Strava, a San Francisco–based fitness website whose users upload data from their Fitbits and other devices to track their exercise routines and routes, didn’t set out to endanger U.S. military personnel. But in November 2017, when the company released a data visualization of the aggregate activity of its users, that’s what it did.

Strava’s idea was to provide its users with a map of the most popular running routes, wherever they happened to be located. As it turns out, the resulting visualization, which was composed from three trillion GPS coordinates, also showed routes in areas, such as Afghanistan’s Helmand Province, where the few Strava users were located almost exclusively on military bases. Their running routes inadvertently revealed the regular movements of soldiers in a hot zone of insurgency.

The problem, explain University of Pennsylvania computer and information scientists Michael Kearns and Aaron Roth, authors of The Ethical Algorithm: The Science of Socially Aware Algorithm Design, is “that blind, data-driven algorithmic optimization of a seemingly sensible objective can lead to unexpected and undesirable side effects.” The solution, which they explore for nontechnical leaders and other lay readers in this slim book, is embodied in the emerging science of ethical algorithm design.

“Instead of people regulating and monitoring algorithms from the outside,” the authors say, “the idea is to fix them from the inside.” To achieve this, companies need to consider the fairness, accuracy, transparency, and ethics — the so-called FATE — of algorithm design.

Kearns and Roth don’t deal with the FATE traits in a sequential manner. Instead, they describe the pitfalls associated with algorithms and discuss the ever-evolving set of solutions for avoiding them. Read the rest here.

Saturday, March 7, 2020

Caveat emptor, CEO

strategy+business, March 6, 2020

by Theodore Kinni

Photograph by triloks

Purpose-driven organizations. Disruptive innovation. Reengineering. Five Forces analysis. Shareholder primacy. For better or for worse, many of the ideas that leaders adopt — and sometimes bet the future of their companies on — come from the academic world, and virtually all of them are promulgated by academic research. That’s why the rigor and validity of management studies should be as great a concern inside C-suites as they are in colleges and universities.

It’s also why Dennis Tourish’s take on the current state of management research is disturbing. “It has…become evident that various forms of research malpractice are common in our field,” writes the professor of leadership and organization studies at the University of Sussex in the introduction to his book Management Studies in Crisis: Fraud, Deception and Meaningless Research (Cambridge University Press, 2019). “I’m talking about outright fraud such as inventing data, but also about plagiarism, self-plagiarism, poor-quality statistical analysis, and p-hacking.” Tourish goes on to support this contention with a tour of the current state of management research that is akin to Dante’s tour of hell.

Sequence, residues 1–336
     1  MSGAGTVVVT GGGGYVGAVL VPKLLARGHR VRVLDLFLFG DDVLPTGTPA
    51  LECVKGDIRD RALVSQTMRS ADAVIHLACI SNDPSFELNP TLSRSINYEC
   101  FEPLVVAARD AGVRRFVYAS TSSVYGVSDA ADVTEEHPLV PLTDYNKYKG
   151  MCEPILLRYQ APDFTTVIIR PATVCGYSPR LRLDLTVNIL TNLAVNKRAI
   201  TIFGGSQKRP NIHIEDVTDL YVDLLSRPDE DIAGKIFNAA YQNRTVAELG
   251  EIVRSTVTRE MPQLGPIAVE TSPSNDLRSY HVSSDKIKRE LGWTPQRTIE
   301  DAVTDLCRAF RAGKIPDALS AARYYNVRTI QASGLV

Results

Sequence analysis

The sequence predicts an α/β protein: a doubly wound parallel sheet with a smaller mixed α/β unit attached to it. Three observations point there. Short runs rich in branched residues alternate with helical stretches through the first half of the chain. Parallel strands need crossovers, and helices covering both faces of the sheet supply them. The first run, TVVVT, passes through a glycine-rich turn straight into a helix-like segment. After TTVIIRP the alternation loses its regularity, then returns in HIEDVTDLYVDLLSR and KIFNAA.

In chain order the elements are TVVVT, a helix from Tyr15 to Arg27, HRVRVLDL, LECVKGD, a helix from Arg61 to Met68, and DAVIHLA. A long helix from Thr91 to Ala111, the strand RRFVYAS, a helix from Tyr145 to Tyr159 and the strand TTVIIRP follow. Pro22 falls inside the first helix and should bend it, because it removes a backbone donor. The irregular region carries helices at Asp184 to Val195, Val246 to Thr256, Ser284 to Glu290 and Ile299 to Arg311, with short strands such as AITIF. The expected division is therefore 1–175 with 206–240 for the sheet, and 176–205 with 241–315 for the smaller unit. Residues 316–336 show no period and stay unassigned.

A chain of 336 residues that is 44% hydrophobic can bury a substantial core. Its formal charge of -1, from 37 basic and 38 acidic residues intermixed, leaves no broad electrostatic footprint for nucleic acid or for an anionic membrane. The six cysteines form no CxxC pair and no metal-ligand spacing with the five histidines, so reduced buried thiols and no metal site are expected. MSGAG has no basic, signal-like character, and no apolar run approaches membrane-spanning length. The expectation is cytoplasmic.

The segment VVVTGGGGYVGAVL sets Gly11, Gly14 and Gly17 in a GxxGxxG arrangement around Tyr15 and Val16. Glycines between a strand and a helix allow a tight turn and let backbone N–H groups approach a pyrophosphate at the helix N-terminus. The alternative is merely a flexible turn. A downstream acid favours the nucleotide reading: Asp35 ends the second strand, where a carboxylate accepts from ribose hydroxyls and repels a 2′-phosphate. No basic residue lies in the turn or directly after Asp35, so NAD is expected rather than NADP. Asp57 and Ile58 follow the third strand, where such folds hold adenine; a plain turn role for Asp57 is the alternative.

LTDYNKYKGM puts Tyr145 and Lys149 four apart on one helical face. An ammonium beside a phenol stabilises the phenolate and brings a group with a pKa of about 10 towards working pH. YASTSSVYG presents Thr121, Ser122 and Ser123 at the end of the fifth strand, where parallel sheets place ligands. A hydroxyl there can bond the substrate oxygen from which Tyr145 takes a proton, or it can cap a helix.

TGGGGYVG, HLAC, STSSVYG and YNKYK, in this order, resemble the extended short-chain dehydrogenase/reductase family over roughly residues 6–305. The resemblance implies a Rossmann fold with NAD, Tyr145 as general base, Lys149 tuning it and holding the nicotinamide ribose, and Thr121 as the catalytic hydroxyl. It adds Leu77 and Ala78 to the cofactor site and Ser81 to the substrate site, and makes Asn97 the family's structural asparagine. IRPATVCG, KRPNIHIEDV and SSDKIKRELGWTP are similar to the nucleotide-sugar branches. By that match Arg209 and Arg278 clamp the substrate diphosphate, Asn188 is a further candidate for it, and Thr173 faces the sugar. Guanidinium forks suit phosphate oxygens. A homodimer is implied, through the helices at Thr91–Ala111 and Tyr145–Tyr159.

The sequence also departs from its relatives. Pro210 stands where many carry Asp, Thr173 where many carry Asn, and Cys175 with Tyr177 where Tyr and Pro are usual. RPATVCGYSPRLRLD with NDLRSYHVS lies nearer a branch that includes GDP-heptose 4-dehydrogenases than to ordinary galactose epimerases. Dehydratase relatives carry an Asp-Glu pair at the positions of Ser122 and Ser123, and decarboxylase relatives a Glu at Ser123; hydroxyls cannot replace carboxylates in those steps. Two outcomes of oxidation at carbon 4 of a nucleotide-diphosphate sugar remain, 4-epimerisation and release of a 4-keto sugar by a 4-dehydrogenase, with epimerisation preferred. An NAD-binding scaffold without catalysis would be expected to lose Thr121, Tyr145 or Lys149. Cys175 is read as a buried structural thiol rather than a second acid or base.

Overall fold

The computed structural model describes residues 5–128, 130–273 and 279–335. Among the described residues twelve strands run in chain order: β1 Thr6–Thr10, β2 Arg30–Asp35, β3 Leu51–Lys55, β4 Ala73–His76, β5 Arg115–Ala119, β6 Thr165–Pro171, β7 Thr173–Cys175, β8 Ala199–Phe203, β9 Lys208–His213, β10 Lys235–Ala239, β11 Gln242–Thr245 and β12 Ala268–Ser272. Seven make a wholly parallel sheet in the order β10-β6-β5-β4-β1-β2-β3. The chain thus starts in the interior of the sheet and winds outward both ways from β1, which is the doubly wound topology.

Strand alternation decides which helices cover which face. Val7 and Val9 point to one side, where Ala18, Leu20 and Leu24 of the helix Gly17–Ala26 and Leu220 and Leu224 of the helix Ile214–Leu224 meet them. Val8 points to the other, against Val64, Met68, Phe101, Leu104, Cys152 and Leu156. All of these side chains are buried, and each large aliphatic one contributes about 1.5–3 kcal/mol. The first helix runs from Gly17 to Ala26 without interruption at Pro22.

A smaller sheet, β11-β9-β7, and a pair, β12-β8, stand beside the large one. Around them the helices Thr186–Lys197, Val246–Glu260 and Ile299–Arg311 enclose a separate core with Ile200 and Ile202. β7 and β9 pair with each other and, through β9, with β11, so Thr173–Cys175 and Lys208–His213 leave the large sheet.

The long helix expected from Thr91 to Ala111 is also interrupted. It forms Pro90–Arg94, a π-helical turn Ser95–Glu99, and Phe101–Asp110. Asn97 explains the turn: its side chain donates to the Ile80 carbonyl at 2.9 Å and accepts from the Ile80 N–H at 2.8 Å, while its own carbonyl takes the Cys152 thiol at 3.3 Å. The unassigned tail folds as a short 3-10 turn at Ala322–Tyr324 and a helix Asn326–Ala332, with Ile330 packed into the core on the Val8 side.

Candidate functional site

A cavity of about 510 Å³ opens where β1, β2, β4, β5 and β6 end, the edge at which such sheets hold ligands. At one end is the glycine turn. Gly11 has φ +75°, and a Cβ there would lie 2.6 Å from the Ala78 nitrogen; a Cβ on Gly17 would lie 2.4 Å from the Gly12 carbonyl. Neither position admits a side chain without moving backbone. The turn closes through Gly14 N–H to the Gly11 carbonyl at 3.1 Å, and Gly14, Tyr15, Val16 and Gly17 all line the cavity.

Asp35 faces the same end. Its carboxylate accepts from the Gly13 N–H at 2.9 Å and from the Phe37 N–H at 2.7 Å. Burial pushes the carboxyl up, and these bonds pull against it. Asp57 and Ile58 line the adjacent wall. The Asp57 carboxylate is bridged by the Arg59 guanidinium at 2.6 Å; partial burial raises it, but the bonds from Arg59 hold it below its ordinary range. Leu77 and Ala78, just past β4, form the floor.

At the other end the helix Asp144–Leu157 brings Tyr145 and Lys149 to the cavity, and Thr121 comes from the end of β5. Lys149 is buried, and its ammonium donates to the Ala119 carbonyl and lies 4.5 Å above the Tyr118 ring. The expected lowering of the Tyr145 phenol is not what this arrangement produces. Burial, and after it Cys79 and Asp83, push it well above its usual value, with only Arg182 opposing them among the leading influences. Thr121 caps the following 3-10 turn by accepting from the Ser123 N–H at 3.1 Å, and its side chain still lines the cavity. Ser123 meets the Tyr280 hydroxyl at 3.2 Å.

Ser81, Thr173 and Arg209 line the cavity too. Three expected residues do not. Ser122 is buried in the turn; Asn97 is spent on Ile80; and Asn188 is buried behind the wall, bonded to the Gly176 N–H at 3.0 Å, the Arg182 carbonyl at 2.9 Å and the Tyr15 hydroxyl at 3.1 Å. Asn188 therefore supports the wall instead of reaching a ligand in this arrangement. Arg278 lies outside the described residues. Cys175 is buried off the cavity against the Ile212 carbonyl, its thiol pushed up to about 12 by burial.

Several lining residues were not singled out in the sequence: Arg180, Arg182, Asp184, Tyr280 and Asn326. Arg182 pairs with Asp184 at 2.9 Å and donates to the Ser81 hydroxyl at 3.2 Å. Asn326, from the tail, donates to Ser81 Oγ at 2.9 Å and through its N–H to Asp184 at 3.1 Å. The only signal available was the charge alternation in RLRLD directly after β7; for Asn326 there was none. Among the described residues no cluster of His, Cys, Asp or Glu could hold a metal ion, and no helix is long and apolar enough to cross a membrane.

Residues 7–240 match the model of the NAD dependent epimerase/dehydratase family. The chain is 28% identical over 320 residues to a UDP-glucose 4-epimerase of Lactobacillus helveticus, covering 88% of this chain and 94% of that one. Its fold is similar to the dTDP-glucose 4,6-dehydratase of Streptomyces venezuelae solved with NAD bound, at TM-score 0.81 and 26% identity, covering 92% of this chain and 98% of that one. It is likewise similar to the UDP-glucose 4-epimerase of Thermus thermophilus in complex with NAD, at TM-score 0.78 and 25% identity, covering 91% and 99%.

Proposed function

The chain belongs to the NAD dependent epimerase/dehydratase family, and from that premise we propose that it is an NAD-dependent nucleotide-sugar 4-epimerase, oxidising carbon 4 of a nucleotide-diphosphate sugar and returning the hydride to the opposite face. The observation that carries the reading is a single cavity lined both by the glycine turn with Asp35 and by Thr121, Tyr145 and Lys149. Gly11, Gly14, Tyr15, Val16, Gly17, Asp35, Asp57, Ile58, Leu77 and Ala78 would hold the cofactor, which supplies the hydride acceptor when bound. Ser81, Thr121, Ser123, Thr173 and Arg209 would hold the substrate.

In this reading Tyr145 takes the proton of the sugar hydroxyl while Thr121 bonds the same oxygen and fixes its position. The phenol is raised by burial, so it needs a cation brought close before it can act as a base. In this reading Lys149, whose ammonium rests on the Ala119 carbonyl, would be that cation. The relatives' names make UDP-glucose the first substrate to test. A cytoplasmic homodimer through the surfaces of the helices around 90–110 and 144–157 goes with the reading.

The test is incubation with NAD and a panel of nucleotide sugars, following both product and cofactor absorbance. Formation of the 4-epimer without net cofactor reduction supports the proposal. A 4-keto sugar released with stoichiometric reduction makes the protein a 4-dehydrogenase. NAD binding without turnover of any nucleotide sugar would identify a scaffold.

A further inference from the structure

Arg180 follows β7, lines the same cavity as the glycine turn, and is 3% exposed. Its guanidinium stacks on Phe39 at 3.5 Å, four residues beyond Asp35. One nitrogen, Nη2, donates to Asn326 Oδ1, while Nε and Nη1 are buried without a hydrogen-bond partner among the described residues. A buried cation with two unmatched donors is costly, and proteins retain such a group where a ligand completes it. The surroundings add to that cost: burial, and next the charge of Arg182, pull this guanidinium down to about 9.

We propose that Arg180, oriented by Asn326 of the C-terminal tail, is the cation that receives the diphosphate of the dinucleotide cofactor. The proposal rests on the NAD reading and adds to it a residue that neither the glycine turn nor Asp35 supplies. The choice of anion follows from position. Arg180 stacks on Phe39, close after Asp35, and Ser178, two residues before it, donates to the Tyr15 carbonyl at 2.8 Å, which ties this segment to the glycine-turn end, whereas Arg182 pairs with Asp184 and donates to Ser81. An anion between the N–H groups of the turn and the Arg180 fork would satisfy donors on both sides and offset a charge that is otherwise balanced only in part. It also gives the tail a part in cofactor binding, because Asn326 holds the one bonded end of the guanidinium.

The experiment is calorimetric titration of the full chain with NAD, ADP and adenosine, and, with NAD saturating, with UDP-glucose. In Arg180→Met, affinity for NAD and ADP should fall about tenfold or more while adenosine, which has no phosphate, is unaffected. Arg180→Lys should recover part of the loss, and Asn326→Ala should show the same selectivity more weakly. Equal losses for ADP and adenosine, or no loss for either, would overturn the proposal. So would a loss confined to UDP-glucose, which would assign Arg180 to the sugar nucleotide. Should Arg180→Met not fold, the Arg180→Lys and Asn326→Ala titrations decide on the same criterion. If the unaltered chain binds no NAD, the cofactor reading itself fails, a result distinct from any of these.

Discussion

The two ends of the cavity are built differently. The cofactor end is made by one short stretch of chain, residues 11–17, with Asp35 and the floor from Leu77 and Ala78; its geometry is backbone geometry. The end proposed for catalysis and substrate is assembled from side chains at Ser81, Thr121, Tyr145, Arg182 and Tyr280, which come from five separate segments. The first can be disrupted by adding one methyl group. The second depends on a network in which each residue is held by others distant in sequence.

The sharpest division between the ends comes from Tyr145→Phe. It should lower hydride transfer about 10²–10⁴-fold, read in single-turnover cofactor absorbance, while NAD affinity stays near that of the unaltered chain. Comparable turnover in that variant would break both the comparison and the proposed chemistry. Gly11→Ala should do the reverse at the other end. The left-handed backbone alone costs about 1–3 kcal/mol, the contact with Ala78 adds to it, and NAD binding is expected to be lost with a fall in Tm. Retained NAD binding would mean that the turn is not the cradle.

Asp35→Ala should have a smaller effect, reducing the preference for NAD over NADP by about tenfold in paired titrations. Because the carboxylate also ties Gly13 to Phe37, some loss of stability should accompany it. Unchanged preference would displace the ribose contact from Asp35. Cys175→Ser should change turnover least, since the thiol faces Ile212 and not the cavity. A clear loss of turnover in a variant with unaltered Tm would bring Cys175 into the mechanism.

Tourish has particular scorn for the research on two concepts currently in vogue — authentic leadership theory (ALT) and evidence-based management (EBM). ALT, an offshoot of James MacGregor Burns’s transformational leadership that was popularized by Harvard Business School professor and former Medtronic CEO Bill George, holds that leadership success derives from the alignment of who you are on the inside with how you behave on the outside. After examining the research, Tourish concludes, “ALT is little more than a series of fables, designed to reassure us that leadership is simpler than it is and that introspection can lead us all to salvation.” Be still, my cynical heart. Read the rest here.

Tuesday, February 11, 2020

The Future of Platforms

Learned a lot lending an editorial hand here:

MIT Sloan Management Review, February 11, 2020

by Michael A. Cusumano, David B. Yoffie, and Annabelle Gawer

The world’s most valuable public companies and its first trillion-dollar businesses are built on digital platforms that bring together two or more market actors and grow through network effects. The top-ranked companies by market capitalization are Apple, Microsoft, Alphabet (Google’s parent company), and Amazon. Facebook, Alibaba, and Tencent are not far behind. As of January 2020, these seven companies represented more than $6.3 trillion in market value, and all of them are platform businesses.